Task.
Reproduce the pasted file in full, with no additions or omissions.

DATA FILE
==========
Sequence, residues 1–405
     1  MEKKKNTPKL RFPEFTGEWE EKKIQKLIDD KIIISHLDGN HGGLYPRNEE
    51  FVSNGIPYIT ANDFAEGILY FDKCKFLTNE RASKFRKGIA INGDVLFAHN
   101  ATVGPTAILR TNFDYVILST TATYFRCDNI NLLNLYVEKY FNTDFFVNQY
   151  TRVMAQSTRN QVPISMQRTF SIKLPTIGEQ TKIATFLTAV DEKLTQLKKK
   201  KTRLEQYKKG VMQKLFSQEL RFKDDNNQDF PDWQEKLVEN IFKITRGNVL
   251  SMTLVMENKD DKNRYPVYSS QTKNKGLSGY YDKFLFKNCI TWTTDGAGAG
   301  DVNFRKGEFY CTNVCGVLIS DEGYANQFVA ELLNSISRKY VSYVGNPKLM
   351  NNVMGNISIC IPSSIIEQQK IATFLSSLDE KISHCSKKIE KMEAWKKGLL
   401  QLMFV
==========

Sequence, residues 1–405
     1  MEKKKNTPKL RFPEFTGEWE EKKIQKLIDD KIIISHLDGN HGGLYPRNEE
    51  FVSNGIPYIT ANDFAEGILY FDKCKFLTNE RASKFRKGIA INGDVLFAHN
   101  ATVGPTAILR TNFDYVILST TATYFRCDNI NLLNLYVEKY FNTDFFVNQY
   151  TRVMAQSTRN QVPISMQRTF SIKLPTIGEQ TKIATFLTAV DEKLTQLKKK
   201  KTRLEQYKKG VMQKLFSQEL RFKDDNNQDF PDWQEKLVEN IFKITRGNVL
   251  SMTLVMENKD DKNRYPVYSS QTKNKGLSGY YDKFLFKNCI TWTTDGAGAG
   301  DVNFRKGEFY CTNVCGVLIS DEGYANQFVA ELLNSISRKY VSYVGNPKLM
   351  NNVMGNISIC IPSSIIEQQK IATFLSSLDE KISHCSKKIE KMEAWKKGLL
   401  QLMFV